I hear you about the mortgage. I wrote two books about Norfin Trolls under the name Mitzy Kafka. I worked as a ghostwriter. I wrote an unauthorized biography of “The Rock.” I wrote a picture book adaptation of the direct-to-video classic, “Slappy and the Stinkers!” There’s almost nothing I wouldn’t write. I wrote four books based on an unpopular toy — a toy “craze” that never got crazy — under the name, Izzy Bonkers. Let’s see Jean Craighead George top that!
I can top that: I once wrote some books based on video games. Then there’s the crowning glory of my writing-for-hire ouevre, my novelization of that classic film, Flintstones in Viva Rock Vegas! Many of my friends still think my coolest gig ever was writing Scooby-Doo books.
I used a pen name for a lot of my work-for-hire jobs, but sometimes I forgot to do that, so if you Google me certain books come up that make me feel like I’m walking around with toilet paper stuck to the bottom of my shoe.
That’s so great, Ellen. I’ve done about half-a-dozen rescue jobs, where a manuscript was so bad it was beyond editing, so they sent it to me for a torched-earth rewrite. Hey, I just remembered another one: I did a picture book adaptation of the second Pee-Wee Herman movie, “Big Top Pee Wee.” You know, the one Tim Burton didn’t make.
I once wrote about how to choose a dog dish, for a pet website.
You enjoy getting fan mail, don’t you?
I love it. It’s the best part of the job. Kids send me pictures of themselves and their dogs. They decorate their letters with drawings. They tell me that my books ROCK!!!! and that I’m the best author ever, they give me ideas for future plots, they tell me about books they’re writing. I have my favorites hanging on my study wall and I read them over and over. The bottom line about series writing vs. literary writing is that whether or not my books have lasting merit, they do get kids excited about reading, and to me that’s the best possible outcome. Nothing compares to the thrill of getting a letter from a kid who says, “PS, Before I read your books I never liked to read. Thanks for making reading more fun,” or from a parent who writes to say “Thank you for making our daughter into an independent reader.”
I have to say, Ellen, you strike me as really happy these days.
I am happy. I love where I live, and I have a great job, a terrific boyfriend, and wonderful friends and family.
You, um, have a boyfriend? Don’t tell me he’s one of those hulking lumberjack types they’ve got running around in the mountains up there?
No, he’s more of a SNAG, you know, a Sensitive New-Age Guy. Drives a Volvo, communicates well, cooks, vacuums, does the grocery shopping. Not that he’s a total sissy. He’s built all his own houses and he’s out chainsawing right now.
I would definitely like to develop as a writer and I’m curious about what I might be capable of, but no, I have never felt a deep urge to be a Critically Acclaimed Writer. I’m not one of those who always wanted to be a writer, and who has a passionate need to tell my story to the world. I fell into writing sideways. It’s the best job I can imagine and I’m good at my craft, and for now that’s enough. That said, of course I’m working on a middle grade novel on the side, though I have no expectations for where it might go or if I’ll even ever finish it. It’s really just an experiment and a way to learn more about writing. I’m in a writer’s group with two writer friends, and their support and encouragement and guidance is a wonderful thing.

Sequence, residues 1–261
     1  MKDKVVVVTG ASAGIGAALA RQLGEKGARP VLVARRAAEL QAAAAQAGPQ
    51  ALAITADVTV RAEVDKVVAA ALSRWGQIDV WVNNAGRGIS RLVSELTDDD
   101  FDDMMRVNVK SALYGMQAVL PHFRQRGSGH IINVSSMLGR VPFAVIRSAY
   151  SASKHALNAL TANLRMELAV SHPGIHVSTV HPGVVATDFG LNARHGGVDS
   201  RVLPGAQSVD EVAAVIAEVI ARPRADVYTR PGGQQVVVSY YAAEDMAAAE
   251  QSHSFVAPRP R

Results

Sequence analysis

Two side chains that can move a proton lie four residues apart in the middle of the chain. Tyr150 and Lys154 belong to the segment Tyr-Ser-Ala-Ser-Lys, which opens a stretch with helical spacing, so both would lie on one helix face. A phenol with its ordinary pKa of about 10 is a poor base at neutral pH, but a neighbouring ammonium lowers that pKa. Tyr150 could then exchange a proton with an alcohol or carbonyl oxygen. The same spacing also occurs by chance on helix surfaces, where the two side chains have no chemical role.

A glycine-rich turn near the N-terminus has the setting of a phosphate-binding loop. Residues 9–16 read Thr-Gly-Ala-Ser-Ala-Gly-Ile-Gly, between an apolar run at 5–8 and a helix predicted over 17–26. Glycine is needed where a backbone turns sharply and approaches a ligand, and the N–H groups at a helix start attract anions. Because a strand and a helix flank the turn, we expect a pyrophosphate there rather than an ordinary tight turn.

Hey, I loved that photo you sent. You look so content and relaxed to be sitting with that small group of kids. Where was that taken?
That was a party given by a fantastic reading-mentoring program I’m involved with, called Everybody Wins. The Vermont chapter honored me this year with an award for my contribution to children’s literacy. They threw a happy, chaotic kids’ party during the day and had a gala Book Bash for adults in the evening, at which I (yikes!) had to make a speech. I’ve mentored three girls over the years and have shanghaied my mom, my brother, my sister-in-law, and several friends into becoming mentors as well. The program is elegant in its simplicity — all you do is go to the elementary school on your lunch hour and read with a kid for forty-five minutes — and yet it has an amazing impact on the kids and on the mentors as well.
I’ve participated in a similar program here. (Of course, nobody threw me a fancy gala.) It’s neat when you see some of those kids again, five, ten years down the line. You spy each other across a room and, it’s hard to describe, but you both know you had that time together. And they know you were there - you cared enough to show up every week — and nothing can take that connection away.
Believe me, Ellen. It is enough — more than enough — that you’ve had one. And now I see we’re out of time. Please keep this handsome set of carving knives as a parting gift!
Thanks, Jimmy! It was fun.
Wait, almost forgot the Lightning Round! Favorite books?
Ellen Tebbits, Beverly Cleary; War and Peace, Leo Tolstoy.
Nashville Skyline, Bob Dylan; On Green Dolphin Street, Miles Davis; Something New, The Beatles (the first record I ever owned).
The Last Waltz, Garlic Is as Good as Ten Mothers, Amarcord. I know, none of these books, movies or albums were created within the last twenty years. I’m a fogey, what can I say?
Type of Dog?
I’d say Labs. Or any kind of puppy.